Greatest Hits of Baseline 2007By Baselinemag Print
It's time to reconnect with the most engaging Baseline content from 2007.
As another year of information technology management quickly fades from what is to what was, it's time to take a step back from your projects, stress, spilled coffee and half-uneaten salads. It's time to reconnect with the most engaging Baselinecontent from the year.
Culled from our nifty Web analytics software and the uncanny ability of the online editor to find the "Most Popular Pages" button, here are the top 10 pieces of content on Baselinefrom 2007. You will find one story on this list from 2006, but there's a good reason. That package is a very deep dive on the cattle herd of search engines that dominates all-that-is-online. Rhymes with "moo-gle."
Happy Holidays, and a Happy New Year.
Booming traffic demands put a constant stress on the social network's computing infrastructure. Yet, MySpace developers have repeatedly redesigned the Web site software, database and storage systems in an attempt to keep pace with exploding growth. Most corporate Web sites will never have to bear more than a small fraction of the traffic MySpace handles, but anyone seeking to reach the mass market online can learn from its experience.
This list includes a whole range of influencers. There are those who worked in large corporate environments and those conducting a solitary pursuit. There are those who had a business goal from the outset and those who had nary a thought about business but simply wanted to create something great. There are those who are part of the vendor community, those who are part of academia and those who are working within corporations.
The biggest public software companies are increasingly relying on acquisitions for growth, as they pick off weaker competitors or startup companies that have decided not to go it alone. In addition to their desire to get bigger, those doing the acquiring say they are responding to a move on the part of enterprise customers to reduce the number of vendors with which they do business.
For the second straight year, Baselinehas undertaken the effort with a goal of identifying the smartest American companies. The 100 companies that appear in the list that starts on this page came out of an analysis we did of more than 4,200 organizations. The methodology is the brainchild of Paul A. Strassmann, who spent years as a technology executive (Xerox, General Foods, Kraft) and was the Pentagon's first chief information officer.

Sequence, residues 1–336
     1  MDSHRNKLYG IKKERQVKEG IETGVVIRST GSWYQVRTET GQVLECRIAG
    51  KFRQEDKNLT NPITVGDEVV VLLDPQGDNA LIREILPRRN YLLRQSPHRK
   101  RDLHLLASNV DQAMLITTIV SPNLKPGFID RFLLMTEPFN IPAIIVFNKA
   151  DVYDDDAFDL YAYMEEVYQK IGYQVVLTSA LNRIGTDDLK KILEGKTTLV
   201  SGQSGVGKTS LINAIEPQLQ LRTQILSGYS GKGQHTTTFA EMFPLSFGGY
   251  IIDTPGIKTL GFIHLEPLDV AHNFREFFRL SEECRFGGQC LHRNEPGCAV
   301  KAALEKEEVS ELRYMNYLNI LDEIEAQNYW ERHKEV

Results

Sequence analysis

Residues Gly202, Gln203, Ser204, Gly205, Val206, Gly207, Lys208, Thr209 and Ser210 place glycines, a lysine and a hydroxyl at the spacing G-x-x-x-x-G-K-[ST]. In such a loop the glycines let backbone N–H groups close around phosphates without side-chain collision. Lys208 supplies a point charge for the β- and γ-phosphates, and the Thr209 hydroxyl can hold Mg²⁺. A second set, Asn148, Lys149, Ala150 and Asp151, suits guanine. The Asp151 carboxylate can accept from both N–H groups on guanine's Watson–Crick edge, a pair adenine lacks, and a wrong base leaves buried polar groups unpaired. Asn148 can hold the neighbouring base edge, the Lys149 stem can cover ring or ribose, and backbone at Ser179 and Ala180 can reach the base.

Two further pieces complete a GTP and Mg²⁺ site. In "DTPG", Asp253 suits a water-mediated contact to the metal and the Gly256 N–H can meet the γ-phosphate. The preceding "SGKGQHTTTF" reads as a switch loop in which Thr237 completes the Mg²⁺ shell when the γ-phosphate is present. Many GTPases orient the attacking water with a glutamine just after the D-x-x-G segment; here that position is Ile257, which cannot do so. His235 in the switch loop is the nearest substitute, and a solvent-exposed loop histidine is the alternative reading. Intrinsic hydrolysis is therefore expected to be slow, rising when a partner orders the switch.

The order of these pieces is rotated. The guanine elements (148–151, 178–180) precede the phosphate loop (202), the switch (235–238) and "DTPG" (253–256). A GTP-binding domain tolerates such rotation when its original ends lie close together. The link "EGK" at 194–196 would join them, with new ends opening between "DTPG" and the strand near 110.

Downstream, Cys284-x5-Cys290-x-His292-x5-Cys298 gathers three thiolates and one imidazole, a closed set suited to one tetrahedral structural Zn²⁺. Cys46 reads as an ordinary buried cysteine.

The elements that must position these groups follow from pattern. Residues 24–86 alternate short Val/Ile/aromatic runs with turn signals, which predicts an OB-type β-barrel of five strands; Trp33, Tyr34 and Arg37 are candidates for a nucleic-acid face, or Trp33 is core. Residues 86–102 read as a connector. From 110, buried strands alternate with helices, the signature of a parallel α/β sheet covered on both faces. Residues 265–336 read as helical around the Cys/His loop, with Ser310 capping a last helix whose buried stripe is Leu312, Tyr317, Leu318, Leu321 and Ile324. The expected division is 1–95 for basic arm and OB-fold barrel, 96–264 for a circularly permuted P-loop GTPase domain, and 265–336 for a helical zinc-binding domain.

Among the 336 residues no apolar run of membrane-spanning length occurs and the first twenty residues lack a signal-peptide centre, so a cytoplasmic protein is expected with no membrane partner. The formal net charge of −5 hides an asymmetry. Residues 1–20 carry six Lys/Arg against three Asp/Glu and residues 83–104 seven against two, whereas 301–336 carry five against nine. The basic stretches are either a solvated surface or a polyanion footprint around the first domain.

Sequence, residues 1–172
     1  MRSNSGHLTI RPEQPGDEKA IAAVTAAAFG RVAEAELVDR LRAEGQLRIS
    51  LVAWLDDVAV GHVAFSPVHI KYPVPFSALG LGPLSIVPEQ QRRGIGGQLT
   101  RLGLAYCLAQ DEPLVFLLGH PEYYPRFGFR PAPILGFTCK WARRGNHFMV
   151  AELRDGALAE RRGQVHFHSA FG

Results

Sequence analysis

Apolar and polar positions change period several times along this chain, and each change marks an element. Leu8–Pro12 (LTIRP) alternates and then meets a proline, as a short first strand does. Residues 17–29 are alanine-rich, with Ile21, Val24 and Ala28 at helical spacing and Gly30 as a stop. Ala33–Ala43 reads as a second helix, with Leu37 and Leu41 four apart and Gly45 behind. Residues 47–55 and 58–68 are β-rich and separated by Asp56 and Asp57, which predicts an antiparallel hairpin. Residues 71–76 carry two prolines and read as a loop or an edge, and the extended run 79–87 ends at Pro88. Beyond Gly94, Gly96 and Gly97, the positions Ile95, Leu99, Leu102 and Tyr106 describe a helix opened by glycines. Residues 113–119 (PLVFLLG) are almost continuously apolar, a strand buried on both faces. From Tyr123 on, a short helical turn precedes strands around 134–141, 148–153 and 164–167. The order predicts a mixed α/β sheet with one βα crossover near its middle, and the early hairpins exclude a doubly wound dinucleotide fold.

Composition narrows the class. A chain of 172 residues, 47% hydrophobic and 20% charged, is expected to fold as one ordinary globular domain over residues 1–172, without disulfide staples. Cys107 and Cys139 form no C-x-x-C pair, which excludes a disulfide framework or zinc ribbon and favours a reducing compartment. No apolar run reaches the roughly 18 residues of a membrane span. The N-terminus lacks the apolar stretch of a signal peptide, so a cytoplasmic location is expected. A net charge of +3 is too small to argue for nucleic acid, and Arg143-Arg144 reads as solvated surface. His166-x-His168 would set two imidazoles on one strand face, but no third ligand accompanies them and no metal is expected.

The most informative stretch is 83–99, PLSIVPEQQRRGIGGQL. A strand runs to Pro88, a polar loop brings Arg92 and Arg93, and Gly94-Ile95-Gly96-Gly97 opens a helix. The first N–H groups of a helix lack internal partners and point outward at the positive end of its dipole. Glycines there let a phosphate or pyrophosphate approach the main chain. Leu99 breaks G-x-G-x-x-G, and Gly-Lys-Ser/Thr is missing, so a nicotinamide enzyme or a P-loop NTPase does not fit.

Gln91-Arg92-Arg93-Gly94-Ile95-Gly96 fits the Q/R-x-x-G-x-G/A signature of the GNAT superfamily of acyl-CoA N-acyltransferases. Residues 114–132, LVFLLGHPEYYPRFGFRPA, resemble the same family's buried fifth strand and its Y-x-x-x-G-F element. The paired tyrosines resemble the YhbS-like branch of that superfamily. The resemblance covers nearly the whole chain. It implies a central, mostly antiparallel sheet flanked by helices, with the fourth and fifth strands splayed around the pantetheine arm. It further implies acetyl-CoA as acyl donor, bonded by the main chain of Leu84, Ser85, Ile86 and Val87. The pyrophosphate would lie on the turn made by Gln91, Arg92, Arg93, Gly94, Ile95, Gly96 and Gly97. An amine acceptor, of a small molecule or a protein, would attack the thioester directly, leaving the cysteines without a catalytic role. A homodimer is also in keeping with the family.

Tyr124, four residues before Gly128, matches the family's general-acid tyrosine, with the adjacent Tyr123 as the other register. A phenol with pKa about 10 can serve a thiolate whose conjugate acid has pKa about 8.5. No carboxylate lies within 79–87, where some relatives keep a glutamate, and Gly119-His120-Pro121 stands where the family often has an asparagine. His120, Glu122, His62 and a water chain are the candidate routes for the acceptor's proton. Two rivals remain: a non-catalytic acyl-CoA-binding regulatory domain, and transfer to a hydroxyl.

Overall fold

For all the razzle-dazzle surrounding Google, the company must still work through common business problems such as reporting revenue and tracking projects. But it sometimes addresses those needs in unconventional—yet highly efficient—ways. Others are starting to follow its lead. Here's why.
In the U.S., publicly held companies are required to reveal compensation information for their five best-paid officers in U.S. dollars. In the slide show, 52 High-Earning CIOs: Who They Are, How They Got There, Baselinereviewed the 2006 fiscal year proxy statements for the 1,000 biggest companies, and found compensation data for the 52 technology executives included in this report. Perhaps next year we will be looking at the best paid CIOs in euros.
You can't manage what you can't see, and even if you can see it, that doesn't necessarily mean you understand it. One of the overarching problems with I.T. today is that no company can make a business decision of any merit without kicking off some sort of related I.T. process. But truth be told, very few organizations have a real handle on the relationship between a business process, such an order to cash, and the underlying I.T. systems that power this type of transaction. And worse yet, if they did have visibility into the process, they would probably discover that they have four sets of different systems handling overlapping business processes.
Support Intelligence, a network security company in San Francisco, is running "30 Days of Bots," a project that posts the names of big companies whose networks have been infected with spam-spewing bots. The list identified more than a dozen corporations, including 3M, Aflac, AIG, Bank of America, Conseco and Thomson Financial. Not all companies returned calls to Baseline, but the ones named above said they have found and stopped the spam. AIG, Aflac and Bank of America added that customer information wasn't compromised; Bank of America said financial information wasn't either.
A new book from Robert J. Herbold explains how CIOs can be seduced by success—with disastrous results.
In 2003, Wal-Mart became the great hope of a new technology. But things haven't worked out exactly as planned. Despite some big strategic changes, the retail giant insists it's not retreating on its investment.
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